Kia Niro
The 2017 Kia Niro.. Photos by Ben Johnson/

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Neil Dunlop, who handles corporate communications for Kia of America, is a fisherman to his very core. You need to know that before we go any further. He called me a while back about taking a look at a new Kia.

“Is this a new SUV?” I asked.

“No,” he said.

“A crossover vehicle?” I asked.

“Not exactly.”

Well, then, just what it is?”

“Why don’t you come out here and see for yourself?”

Out here being Montana.

“You’ll get a chance to spend time behind the wheel. And, we’ll also float the Madison.”

I was hooked.

The 2017 Kia Niro was not what I expected. It certainly isn’t an SUV or a typical crossover. Instead, it’s what Kia likes to call an “Urban Crossover Hybrid Vehicle.” Whatever you call it, it deserves a close look. Hybrid technology has advanced rapidly over the past few years, to the point where Dunlop says, “Hybrid technology is no longer the future—it’s arrived. And now it’s getting refined.”

I get that, but for a lot of outdoorsmen the hybrid churns up images of smug urban hipsters prattling on about how “green” they are and how they (and no one else) are saving the planet.

You won’t find any of that unctuous posturing with the Niro. In fact, unless someone told you it was a hybrid, you wouldn’t notice. The transition between the internal combustion engine and the electric motor is damn near seamless. As for the styling? On purpose, it doesn’t look like the typical hybrid.

Dunlop points out that the Niro is a hybrid from the ground up, meaning the manufacturer didn’t shoehorn a hybrid configuration into an existing model. So, unlike the infamous retrofitted Oldsmobile diesel of the 1970s (a hasty and ill-conceived answer to the gas crisis of that decade), it actually works.

Making a hybrid really work doesn’t come cheap. Dunlop tells me, “Electric energy and power for the whole system is provided by a compact, lightweight 1.56-kWh lithium ion polymer battery located underneath the rear seat. Because the high-voltage battery is both power‑ and energy‑dense, it is smaller and lighter than other hybrid batteries. That allowed engineers to downsize the gasoline engine to further maximize fuel economy and reduce emissions.”

That downsized engine, by the way, is a 1.6-liter four-cylinder that was designed expressly for hybrid application. Again, no retread technology.

“The Niro is a linchpin in our eco-dynamic lineup, a lineup to which we’ve committed $10.2 billion,” he says.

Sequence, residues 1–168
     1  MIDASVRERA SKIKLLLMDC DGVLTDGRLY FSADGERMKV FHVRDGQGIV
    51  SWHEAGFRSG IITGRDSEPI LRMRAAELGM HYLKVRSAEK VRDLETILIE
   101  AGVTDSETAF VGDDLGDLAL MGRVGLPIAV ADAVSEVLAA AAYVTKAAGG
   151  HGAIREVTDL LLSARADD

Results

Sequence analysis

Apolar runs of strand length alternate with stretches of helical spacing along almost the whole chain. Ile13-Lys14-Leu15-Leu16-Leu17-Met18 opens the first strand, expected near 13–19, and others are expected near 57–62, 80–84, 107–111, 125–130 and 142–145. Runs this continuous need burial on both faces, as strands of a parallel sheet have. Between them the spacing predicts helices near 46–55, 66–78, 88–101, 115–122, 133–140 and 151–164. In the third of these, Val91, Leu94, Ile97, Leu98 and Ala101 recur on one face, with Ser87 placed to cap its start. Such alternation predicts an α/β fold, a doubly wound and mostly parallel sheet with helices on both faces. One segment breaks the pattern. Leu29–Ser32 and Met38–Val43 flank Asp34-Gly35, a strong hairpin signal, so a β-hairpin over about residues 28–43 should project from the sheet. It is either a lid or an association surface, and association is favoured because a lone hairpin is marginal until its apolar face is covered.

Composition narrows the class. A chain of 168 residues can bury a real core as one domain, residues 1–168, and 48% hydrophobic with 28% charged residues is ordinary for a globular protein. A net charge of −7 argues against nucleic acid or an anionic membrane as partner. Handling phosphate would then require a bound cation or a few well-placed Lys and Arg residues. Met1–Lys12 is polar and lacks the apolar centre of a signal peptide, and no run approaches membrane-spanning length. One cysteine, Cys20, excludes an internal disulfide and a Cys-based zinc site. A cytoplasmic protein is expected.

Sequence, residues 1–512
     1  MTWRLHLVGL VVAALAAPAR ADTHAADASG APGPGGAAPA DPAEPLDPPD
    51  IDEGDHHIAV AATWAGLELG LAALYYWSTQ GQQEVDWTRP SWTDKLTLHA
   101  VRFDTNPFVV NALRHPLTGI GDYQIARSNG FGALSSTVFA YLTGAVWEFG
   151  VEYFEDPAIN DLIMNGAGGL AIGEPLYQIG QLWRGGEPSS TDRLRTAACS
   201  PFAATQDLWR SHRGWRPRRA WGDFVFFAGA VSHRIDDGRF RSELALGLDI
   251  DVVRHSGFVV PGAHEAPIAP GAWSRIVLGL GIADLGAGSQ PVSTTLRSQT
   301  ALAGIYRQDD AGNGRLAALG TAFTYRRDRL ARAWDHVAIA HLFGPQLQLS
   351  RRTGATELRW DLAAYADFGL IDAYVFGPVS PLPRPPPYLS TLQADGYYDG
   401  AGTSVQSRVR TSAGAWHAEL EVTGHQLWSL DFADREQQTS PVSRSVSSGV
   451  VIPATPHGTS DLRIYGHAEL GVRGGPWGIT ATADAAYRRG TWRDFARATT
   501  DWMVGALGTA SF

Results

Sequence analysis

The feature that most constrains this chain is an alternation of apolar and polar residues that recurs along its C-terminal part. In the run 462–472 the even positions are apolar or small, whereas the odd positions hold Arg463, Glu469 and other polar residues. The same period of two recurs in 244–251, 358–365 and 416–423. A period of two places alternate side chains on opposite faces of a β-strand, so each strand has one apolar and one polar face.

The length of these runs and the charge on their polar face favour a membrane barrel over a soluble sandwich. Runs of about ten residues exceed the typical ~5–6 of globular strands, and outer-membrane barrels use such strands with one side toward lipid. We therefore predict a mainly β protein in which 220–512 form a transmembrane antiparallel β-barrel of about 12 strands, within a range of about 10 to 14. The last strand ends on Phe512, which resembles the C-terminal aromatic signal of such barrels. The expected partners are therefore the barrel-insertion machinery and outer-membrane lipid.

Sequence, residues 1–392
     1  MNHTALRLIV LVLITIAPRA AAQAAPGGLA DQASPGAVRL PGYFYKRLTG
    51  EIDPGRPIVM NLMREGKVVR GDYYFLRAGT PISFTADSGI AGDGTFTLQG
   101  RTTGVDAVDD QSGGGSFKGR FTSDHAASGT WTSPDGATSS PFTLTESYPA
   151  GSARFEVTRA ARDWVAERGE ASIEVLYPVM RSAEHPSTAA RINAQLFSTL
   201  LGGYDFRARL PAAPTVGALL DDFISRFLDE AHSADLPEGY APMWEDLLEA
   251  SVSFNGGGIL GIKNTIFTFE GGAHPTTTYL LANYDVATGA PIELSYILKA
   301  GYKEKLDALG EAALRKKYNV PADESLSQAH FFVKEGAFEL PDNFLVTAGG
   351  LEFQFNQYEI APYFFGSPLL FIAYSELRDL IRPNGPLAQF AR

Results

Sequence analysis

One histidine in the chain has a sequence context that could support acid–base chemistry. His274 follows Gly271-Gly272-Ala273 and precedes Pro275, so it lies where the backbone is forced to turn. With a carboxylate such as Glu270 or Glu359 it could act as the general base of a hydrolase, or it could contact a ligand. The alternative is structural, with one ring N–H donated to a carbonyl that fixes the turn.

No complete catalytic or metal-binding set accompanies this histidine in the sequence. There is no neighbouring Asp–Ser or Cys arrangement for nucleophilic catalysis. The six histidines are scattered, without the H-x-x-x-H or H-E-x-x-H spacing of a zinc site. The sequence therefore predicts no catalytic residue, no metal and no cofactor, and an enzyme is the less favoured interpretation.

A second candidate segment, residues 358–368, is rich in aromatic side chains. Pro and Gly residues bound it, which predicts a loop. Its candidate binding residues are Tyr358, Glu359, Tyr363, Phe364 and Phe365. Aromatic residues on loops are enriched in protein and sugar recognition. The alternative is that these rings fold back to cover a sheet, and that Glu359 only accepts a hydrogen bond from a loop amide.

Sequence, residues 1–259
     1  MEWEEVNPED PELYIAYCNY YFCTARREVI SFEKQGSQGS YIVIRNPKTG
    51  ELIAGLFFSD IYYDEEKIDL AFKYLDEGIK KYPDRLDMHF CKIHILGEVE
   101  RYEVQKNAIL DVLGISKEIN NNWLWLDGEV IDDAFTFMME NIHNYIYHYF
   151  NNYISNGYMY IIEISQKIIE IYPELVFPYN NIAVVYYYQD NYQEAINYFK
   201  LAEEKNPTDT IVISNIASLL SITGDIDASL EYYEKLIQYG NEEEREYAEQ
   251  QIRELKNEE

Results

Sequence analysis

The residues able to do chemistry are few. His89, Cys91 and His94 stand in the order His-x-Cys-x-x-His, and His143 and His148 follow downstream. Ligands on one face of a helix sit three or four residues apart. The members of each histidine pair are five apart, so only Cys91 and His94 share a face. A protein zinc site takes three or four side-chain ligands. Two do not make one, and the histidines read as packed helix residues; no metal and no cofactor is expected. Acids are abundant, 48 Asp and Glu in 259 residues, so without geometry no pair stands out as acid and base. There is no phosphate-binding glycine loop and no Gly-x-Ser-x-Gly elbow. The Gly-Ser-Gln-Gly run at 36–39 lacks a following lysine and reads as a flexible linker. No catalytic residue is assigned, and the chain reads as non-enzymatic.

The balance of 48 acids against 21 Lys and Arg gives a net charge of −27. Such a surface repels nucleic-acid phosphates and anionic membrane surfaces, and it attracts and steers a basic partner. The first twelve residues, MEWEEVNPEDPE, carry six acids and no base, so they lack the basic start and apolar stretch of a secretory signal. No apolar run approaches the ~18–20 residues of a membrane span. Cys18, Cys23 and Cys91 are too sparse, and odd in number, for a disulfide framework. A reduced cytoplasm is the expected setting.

So, to whom will this vehicle most appeal? No question, the Niro was built to meet the sensibilities of the Millennial generation. These consumers, the numbers of which just surpassed that of the Baby Boomers, are huge social influencers. Of that, there is no doubt. But they’re also strapped financially. Many of them cannot afford a full-size pickup or sport utility, prices of which often start around $35,000 to $40,000 and run over $50,000 by the time you add options. (The hurt extends beyond vehicles as well. Outdoor recreation manufacturers across the board moan about this generation’s “sharing” economy, in which they often buy used, rather than new, equipment. They also trade and borrow gear among themselves.)

Surveys have shown that this group prefers vehicles that are “green” to some extent. They also want vehicles that demonstrate proven fuel economy. Maybe most important, they want vehicles they can afford. The Niro delivers on all counts. Kia claims the Niro achieves as much as 50 mpg (depending on the precise model driven). As for pricing, base models begin at around $23,000. Fully loaded versions run to $30,000. The car is small, but the interior is surprisingly roomy. I’m 6 foot 2 inches, and I had plenty of head and leg room. There’s also a surprising amount of storage space. I watched Dunlop fit in a rigged 9-foot 5-weight fly rod inside without having to break it in two.

“I fish a lot,” he says, “and this car can easily hold my tackle bag, waders, and other gear for an afternoon of fishing.” The flat design of the battery under the rear deck is a key asset here, helping maximize storage space. After a pair of long drives down through the Gallatin Gateway and up along the Shields River, I was impressed by the car’s performance. I didn’t expect that. On long hills, if you keep the dual-clutch six-speed transmission in economy mode, it will lag. In that case, switch it to sport mode, which delivers more power (with a slight decrease in fuel economy).

By now you’ve no doubt figured out the Niro isn’t for everyone, but then it wasn’t designed to be. After we came off the river, our guide, who drives a full-size pickup, said, “Not for me. I won’t drive anything that doesn’t have eight cylinders.”

But for a younger sportsman on a tight budget who may have a kid or two in tow (and has to park in a crowded urban landscape), the Niro just may be the ticket. And here’s something else to think about: The Niro comes with a five-year 60,000-mile basic warranty, and that drivetrain is covered for 10 years or 100,000 miles. (